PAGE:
Carol Gilligan and Naomi Snider, authors of the new book Why Does Patriarchy Persist, published in October, 2018.
Carol Gilligan is an American feminist, ethicist, and psychologist best known for her work on ethical community and ethical relationships, and certain subject-object problems in ethics. She is the author of In a Different Voice, one of the most influential feminist books of all time, She is Professor of Humanities and Applied Psychology at New York University and a visiting professor at the University of Cambridge.
Naomi Snider is a Research Fellow at New York University.
The election of an unabashedly patriarchal man as US President was a shock for many—despite decades of activism on gender inequalities and equal rights, how could it come to this? What is it about patriarchy that seems to make it so resilient and resistant to change? Undoubtedly it endures in part because some people benefit from the unequal advantages it confers. But is that enough to explain its stubborn persistence?
In this highly original and persuasively argued book, Carol Gilligan and Naomi Snider put forward a different view: they argue that patriarchy persists because it serves a psychological function. By requiring us to sacrifice love for the sake of hierarchy, patriarchy protects us from the vulnerability of loving and becomes a defense against loss. Uncovering the powerful psychological mechanisms that underpin patriarchy, the authors show how forces beyond our awareness may be driving a politics that otherwise seems inexplicable.
The Laurie Phillips Memorial Lecture is supported by the Phillips Family.
This annual event honors the memory of our dear colleague and friend. Laurie was a passionate feminist clinician who embodied the mission of The WTCI in bringing together social, political and clinical theory and practice in contemporary life.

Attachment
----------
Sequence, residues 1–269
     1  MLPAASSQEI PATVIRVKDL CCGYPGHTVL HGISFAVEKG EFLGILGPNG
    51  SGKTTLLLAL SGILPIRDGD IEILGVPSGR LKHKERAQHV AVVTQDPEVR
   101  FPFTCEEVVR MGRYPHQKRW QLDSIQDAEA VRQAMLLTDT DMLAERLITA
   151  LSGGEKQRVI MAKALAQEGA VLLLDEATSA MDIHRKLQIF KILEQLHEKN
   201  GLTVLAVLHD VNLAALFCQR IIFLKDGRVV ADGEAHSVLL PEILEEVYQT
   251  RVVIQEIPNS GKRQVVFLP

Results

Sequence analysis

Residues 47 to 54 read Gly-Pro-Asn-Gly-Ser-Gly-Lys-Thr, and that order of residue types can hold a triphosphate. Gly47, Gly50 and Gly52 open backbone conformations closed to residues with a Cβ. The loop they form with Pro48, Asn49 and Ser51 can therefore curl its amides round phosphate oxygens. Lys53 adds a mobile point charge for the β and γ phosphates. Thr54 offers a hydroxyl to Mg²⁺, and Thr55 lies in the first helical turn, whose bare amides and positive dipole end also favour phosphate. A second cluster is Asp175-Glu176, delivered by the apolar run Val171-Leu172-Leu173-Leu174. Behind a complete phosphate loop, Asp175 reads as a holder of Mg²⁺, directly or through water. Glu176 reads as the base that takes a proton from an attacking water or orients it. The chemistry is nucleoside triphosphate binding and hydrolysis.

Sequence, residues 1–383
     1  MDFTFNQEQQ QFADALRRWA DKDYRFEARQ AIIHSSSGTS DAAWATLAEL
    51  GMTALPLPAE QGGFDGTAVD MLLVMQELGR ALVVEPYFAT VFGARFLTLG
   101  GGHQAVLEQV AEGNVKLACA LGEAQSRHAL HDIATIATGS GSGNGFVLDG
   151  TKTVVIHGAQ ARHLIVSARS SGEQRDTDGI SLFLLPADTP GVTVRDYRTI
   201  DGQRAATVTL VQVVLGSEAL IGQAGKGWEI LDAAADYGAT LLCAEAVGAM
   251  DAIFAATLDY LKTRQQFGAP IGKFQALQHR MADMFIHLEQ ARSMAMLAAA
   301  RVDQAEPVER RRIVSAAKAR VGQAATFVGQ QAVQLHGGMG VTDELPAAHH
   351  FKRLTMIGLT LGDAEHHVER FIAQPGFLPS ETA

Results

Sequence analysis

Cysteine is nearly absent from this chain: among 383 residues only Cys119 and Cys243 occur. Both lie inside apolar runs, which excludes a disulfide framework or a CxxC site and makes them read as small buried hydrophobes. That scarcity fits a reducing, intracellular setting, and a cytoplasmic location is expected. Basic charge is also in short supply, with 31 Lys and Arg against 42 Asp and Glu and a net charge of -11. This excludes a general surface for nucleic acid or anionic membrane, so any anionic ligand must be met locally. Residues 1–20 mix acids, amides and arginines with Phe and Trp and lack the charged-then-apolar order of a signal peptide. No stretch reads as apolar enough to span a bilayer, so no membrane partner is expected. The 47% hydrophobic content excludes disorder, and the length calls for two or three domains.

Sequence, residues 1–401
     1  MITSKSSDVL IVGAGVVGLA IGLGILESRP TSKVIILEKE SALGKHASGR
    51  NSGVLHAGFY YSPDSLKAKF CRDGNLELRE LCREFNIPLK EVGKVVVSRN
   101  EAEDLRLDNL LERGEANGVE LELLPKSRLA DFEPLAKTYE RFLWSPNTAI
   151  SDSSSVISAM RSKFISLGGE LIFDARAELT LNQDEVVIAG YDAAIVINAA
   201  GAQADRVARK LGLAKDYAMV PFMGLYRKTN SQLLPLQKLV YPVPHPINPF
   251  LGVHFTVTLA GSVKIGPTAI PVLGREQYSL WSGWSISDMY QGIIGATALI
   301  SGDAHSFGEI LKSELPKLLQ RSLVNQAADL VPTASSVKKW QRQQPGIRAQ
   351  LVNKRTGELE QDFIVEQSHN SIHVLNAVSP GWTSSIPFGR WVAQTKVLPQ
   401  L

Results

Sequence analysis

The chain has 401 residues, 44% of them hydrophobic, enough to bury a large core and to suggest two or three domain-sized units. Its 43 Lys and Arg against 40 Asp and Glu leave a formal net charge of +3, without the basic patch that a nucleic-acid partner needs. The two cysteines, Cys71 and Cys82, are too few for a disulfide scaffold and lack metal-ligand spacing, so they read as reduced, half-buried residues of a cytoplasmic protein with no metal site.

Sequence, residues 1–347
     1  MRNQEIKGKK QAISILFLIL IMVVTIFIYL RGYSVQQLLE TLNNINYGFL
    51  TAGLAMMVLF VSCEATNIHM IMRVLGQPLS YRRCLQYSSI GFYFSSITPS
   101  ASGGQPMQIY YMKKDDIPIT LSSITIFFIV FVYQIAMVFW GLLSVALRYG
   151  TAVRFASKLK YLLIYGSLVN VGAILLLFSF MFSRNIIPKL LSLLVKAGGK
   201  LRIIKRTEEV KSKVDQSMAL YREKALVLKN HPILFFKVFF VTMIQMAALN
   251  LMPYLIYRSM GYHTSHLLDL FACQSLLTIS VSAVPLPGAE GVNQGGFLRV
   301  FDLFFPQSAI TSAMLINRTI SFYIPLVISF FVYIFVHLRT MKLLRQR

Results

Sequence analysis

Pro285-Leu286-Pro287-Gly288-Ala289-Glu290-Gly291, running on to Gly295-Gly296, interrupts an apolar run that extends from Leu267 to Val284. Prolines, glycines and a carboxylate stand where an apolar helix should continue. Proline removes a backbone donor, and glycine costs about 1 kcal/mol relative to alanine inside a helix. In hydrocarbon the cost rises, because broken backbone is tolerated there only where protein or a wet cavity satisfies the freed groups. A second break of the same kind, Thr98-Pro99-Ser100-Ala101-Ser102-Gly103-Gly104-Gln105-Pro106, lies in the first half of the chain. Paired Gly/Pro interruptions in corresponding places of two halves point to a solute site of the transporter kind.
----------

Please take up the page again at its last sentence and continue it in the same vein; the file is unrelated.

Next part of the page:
The New York State Education Department's Board for Social Work has approved this workshop for 2.0 contact hours (CEUs) for NYS licensed LCSWs and LMSWs. The NYS Education Department's Board for Mental Health Practitioners as an approved provider of continuing education for NYS licensed creative arts therapists #CAT-0018 and mental health counselors #MHC-0102.
The New York State Education Department has approved this lecture for 2.0 contact hours (CE Credits) for NYS licensed LCATs, LMSWs, LCSWs and LMHCs. Please allow 10 days for processing of Certificate of Participation.
Tomi-Ann Roberts, PhD,
Christina Baker Kline, Author, and
Athena Jones, CNN Correspondent
Sexual Objectification: From Broadway to the Boardroom,
the Bar to the Bedroom, #metoo / #timesup
Emily Nagoski, Ph.D.
Come As You Are: the surprising new science that will transform your sex life
Katie Gentile, Ph.D.
The Business of Being Made: Exploring the Confusing and Contradictory Times Produced Through Assisted Reproductive Technologies
Jennifer Finney Boylan
Storytelling, Justice, and Gender
Esther Perel, LMFT
The State of Affairs: Rethinking Infidelity
Jessie Klein, Ph.D.
The Bully Society: Shootings and the Crisis of Bullying in America’s Schools
Dr. Sayantani DasGupta
Can Sisterhood Be Global: Reproduction, Social Justice, And Feminism Across Borders
Elizabeth Ann Danto, Ph.D.
Vienna 1924: Suffrage, Psychoanalysis, and the ‘New Woman’
Danielle Knafo, Ph.D.
By Herself: Woman, Solitude and Creativity
Catherine Baker-Pitts, Ph.D.
Plastic Bodies, Malleable Minds: Women and Cosmetic Surgery
Kathlyn Conway, Ph.D.
Challenging the Culture of Triumph: Illness as Limitation and Loss
Suzanne Iasenza, Ph.D.
Is Feminism Good For Your Sex Life?: The Pleasures and Perils of Peer Marriage
Nina K. Thomas, Ph.D.
Revenge in Context
Susan Gutwill, MS, LCSW
and Nancy Hollander, Ph.D.
Class and Splitting in the Clinical Setting: The Ideological Dance in the Transference and Countertransference
Jessica Benjamin, Ph.D.
Envisioning Mutuality: How Our Commitments to Women’s Subjectivity and Equality Have Changed Psychoanalysis
Deborah Luepnitz, Ph.D.
The Psychoanalyst in the World: Winnicott, Lacan, and My Work With Homeless Women in Philadelphia
Darlene Ehrenberg, Ph.D.
How Does Treatment Help? On “Not Knowing”: Further Explorations at the “Intimate Edge”
Carol Gilligan, Ph.D.
The Birth of Pleasure